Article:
Coldest Winter Ever in UK
The coldest winter in British history is widely regarded as that of 1684. Why? Because average temperatures stayed below zero for two months. Brrrr!
There have been lower temperatures recorded for short spells but 1684’s average of -3C for the month of January was enough for the River Thames to stay frozen for more than two months.
It also froze in 1895 – college barges in Oxfordshire were stuck in their moorings along the south bank of the frozen river.
Artificial Snow World Record
The Guinness World Record for the largest area over which artificial snow has ever fallen is 12,462.78m, The record is held by Snow Business International for the switching on of the Christmas lights in Bond Street, London on November 23, 2006. The record was achieved by covering the New Bond Street, Bond Street and Old Bond Street areas simultaneously for the ‘Bond Street Association’.
Coldest ever Christmas Day?
Bury St Edmunds, Suffolk, recorded a temperature of -21.7C on Christmas Day in 1881y. Not only that, but more than 61cm of snow brought Britain to a standstill, when galeforce blizzards & winds battered the whole country.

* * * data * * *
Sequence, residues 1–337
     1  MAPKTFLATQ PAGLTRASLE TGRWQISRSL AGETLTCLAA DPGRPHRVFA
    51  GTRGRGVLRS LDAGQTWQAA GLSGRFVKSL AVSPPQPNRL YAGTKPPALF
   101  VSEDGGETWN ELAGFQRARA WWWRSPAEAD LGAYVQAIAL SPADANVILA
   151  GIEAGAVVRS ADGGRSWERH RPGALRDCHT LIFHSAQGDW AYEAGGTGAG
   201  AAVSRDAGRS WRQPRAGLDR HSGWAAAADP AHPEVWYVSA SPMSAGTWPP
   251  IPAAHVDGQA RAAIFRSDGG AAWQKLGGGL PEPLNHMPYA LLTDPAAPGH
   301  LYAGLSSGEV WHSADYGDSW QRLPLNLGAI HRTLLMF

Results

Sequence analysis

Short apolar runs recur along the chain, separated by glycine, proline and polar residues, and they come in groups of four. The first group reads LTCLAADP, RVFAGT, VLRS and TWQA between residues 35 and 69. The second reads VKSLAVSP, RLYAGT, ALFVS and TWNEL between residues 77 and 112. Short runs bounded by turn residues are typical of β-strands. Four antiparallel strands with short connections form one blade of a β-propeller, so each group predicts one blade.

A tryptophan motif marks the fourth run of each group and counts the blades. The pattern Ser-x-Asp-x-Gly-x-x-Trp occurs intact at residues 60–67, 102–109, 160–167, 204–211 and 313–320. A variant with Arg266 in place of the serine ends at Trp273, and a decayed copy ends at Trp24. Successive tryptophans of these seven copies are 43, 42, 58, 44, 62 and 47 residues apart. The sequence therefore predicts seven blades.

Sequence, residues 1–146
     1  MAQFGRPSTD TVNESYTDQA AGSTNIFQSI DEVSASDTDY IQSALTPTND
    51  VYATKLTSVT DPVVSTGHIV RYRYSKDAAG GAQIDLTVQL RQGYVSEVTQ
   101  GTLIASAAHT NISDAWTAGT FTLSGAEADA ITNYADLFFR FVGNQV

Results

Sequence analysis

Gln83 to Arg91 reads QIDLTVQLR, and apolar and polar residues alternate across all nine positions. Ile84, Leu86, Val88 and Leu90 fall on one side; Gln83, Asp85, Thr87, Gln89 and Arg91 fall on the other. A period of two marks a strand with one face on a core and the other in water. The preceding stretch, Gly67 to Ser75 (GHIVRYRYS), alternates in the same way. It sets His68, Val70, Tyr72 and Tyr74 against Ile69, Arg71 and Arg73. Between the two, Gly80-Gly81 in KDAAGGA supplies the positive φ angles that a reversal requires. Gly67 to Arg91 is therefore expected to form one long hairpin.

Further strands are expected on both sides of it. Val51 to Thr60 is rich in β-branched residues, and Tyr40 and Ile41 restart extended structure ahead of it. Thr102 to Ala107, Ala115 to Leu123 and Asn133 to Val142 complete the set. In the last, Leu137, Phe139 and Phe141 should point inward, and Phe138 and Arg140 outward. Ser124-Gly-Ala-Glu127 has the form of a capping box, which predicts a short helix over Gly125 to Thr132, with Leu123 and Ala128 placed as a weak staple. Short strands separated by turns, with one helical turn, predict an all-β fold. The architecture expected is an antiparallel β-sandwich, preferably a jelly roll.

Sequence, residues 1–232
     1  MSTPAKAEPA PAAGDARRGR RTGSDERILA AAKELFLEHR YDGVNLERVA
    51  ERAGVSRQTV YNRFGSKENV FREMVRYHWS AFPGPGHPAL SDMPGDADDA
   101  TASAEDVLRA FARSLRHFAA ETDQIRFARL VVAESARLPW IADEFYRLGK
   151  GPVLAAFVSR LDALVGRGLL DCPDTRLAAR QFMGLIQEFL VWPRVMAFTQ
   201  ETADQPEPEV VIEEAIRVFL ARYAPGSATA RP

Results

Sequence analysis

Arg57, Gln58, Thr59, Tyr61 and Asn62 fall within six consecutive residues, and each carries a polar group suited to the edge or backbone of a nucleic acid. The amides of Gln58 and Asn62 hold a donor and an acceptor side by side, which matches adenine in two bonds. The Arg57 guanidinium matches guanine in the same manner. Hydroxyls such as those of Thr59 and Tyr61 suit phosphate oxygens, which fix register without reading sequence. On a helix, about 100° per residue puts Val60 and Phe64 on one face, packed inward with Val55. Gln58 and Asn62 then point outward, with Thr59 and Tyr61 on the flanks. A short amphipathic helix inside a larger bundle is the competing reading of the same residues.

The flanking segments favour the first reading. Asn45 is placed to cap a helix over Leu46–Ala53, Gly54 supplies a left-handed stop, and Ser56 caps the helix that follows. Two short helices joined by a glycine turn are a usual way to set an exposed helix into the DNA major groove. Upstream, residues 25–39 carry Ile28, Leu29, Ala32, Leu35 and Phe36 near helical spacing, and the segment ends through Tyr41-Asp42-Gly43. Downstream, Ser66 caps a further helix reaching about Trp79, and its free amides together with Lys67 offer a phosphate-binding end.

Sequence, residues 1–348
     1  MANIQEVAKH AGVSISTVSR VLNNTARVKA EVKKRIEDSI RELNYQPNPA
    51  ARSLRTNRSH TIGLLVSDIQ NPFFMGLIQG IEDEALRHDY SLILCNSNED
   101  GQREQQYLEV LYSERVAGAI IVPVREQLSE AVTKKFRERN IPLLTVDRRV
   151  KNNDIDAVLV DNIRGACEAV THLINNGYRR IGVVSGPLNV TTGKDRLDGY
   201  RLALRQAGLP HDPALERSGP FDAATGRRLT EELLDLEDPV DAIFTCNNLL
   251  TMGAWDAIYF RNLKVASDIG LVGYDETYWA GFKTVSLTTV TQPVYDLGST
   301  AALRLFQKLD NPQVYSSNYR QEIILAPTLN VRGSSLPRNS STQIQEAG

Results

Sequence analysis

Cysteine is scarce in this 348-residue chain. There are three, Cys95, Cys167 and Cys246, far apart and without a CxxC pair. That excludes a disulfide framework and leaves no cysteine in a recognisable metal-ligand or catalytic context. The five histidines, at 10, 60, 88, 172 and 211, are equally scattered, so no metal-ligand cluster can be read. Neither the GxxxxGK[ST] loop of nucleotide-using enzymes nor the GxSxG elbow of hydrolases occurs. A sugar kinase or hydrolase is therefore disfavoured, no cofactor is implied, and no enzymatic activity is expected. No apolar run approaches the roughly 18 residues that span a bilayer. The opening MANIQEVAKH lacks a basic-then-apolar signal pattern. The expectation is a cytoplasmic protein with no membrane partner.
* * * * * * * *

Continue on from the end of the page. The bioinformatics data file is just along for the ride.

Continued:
Smallest Ever Snowman
According to the Daily Mirror online, the smallest ever snowman measured just 0.01mm across – that’s just one fifth the width of a human hair!
The minute snow sculpture was made in 2009 by Britain’s Dr David Cox at the National Physical Laboratory with tools for handling nanoparticles. Tiny deposits of platinum ensured that it stuck together. Not sure it was a miniature carrot he used for the nose, though 😉
Snow train delays
Snow was also responsible for Britain’s worst ever train delay. At 3pm on March 9, 1891, the West Country Express left Paddington, London, for Plymouth. It finally arrived in Plymouth four days later on March 13 after becoming stuck in snow in the outskirts of London. Puts your 10 minute delay this morning in perspective, doesn’t it??
Are the UK Winters getting colder?
During last year’s cold snowy snap in the UK, the Saucy Horse video production team were sent to film horses on the morning gallops at Lambourne, Berkshire – it was so cold when we arrived at 7am that the batteries in our video equipment stopped working momentarily as the charge seeped out! Normally this is a problem only experienced by cameramen working on wild life films in the Artic or Antartica – does this mean we need to buy all our crews better thermals as the UK’s winters get colder?? It certainly means we need to warm up our batteries before we start filming on cold mornings!